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Improving Discoveries and the Treatment of Lung Cancer Mutations
By David Kuperman, MD

Lung cancer is a challenging foe. It is the biggest cause of cancer death in the United States and is the subject of much research into improved screening and treatment. Although progress has been slow, significant improvements are being made.

Lung cancer is traditionally divided into two types: small cell and non-small cell carcinomas. They are treated differently. It was not all that long ago staging (where the cancer is located) and identifying whether it was small cell or non-small cell was all the information needed for making a treatment plan. This is no longer the case. Further information on the presence of mutations found in certain lung cancers can guide therapy.

The mutations in non-small cell lung cancers that have gained the most attention are changes in the Epidermal Growth Factor Receptor (EGFR) and in the ALK gene. In approximately 15 percent of certain non-small cell lung cancers, a mutation in the EGFR gene is present. It is more commonly found in patients with lung cancer who never smoked. Erlotinib (Tarceva ) is an oral medication that is targeted to treat this mutation. This targeted therapy is both more effective and has fewer side effects than standard chemotherapy.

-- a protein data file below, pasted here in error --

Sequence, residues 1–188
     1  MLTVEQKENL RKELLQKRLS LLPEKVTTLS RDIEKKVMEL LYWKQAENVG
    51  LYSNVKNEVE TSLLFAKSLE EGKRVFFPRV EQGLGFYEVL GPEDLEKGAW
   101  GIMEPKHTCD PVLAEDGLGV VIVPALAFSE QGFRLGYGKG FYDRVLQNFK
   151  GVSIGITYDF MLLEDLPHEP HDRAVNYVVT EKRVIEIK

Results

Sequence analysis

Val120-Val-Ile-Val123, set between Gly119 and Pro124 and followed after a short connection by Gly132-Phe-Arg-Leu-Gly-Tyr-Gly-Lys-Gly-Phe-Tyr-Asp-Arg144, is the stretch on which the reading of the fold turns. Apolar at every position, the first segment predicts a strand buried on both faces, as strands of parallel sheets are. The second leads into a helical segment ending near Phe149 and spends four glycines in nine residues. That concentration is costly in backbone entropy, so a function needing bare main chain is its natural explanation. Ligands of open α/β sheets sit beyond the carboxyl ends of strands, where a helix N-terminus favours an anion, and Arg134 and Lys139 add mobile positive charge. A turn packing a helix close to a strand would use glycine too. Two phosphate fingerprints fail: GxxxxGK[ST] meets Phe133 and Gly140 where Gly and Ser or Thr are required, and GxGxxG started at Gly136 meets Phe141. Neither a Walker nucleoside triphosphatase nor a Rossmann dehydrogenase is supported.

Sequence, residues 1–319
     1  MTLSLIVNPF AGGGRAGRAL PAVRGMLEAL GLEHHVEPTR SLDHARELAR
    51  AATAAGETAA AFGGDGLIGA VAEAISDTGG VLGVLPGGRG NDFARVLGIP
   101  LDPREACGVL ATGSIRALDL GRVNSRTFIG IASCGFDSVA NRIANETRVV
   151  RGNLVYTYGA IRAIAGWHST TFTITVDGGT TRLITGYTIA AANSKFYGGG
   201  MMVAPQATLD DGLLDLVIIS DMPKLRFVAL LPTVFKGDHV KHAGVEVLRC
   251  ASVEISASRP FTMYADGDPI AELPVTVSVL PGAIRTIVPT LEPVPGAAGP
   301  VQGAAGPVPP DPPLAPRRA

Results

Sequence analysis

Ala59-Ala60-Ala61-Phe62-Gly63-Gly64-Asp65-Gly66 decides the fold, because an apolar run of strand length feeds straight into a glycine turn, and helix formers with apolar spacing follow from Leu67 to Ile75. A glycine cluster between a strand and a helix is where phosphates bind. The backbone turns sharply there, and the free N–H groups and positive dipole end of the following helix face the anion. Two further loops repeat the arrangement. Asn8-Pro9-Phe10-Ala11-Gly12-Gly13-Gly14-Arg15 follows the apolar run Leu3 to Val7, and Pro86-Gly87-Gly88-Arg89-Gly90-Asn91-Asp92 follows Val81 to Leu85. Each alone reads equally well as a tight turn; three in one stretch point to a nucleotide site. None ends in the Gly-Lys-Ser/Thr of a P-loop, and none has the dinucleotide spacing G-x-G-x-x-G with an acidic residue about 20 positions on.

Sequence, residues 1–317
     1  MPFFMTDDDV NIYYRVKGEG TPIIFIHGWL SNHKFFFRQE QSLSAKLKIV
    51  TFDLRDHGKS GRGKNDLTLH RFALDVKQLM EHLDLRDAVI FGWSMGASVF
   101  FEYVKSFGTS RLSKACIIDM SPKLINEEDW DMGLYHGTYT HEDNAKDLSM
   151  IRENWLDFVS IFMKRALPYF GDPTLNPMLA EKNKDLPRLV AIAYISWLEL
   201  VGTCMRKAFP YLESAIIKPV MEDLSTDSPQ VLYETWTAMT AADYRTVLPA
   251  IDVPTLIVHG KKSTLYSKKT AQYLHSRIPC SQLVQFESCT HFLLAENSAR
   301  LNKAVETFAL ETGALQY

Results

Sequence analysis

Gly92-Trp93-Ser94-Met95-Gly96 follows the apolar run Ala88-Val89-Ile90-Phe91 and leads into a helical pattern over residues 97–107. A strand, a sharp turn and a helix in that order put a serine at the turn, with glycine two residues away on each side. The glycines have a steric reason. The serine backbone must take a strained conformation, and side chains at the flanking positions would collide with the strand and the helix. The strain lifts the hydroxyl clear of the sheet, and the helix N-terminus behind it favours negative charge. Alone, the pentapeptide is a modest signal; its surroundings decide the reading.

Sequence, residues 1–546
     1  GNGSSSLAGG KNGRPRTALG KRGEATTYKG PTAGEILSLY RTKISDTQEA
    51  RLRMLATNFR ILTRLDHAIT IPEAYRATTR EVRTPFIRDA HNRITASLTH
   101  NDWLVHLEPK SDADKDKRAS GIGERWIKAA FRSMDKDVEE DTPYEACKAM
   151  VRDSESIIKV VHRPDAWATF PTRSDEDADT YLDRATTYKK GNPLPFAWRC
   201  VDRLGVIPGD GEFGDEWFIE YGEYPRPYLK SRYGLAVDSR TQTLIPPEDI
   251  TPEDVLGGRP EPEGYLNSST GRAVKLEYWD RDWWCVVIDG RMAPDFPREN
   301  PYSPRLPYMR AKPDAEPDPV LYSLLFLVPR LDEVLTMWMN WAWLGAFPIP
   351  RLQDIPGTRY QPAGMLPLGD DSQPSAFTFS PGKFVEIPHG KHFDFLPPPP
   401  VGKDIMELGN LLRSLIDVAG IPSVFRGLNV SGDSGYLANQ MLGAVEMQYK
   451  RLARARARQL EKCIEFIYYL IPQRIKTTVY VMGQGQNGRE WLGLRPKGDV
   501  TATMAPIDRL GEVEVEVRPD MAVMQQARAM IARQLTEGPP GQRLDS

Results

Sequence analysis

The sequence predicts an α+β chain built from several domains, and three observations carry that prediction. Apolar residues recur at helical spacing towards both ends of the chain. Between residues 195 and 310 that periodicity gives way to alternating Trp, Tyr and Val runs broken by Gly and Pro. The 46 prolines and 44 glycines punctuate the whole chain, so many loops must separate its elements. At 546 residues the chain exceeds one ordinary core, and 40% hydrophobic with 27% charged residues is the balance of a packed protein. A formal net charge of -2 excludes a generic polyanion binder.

ALK mutations are found in approximately four percent of patients with non-small cell lung cancer. They are more likely to be found in younger patients and those who did not smoke. Crizotinib (Xalkori ) is an oral medication that is targeted to treat this mutation. It has also been found to be more effective and has fewer side effects than standard chemotherapy.

While the majority of patients do not have EGFR and ALK mutations, they are a significant advancement in therapy. They represent a first step towards truly personalized and effective therapies for lung cancer. Further investigations are ongoing.

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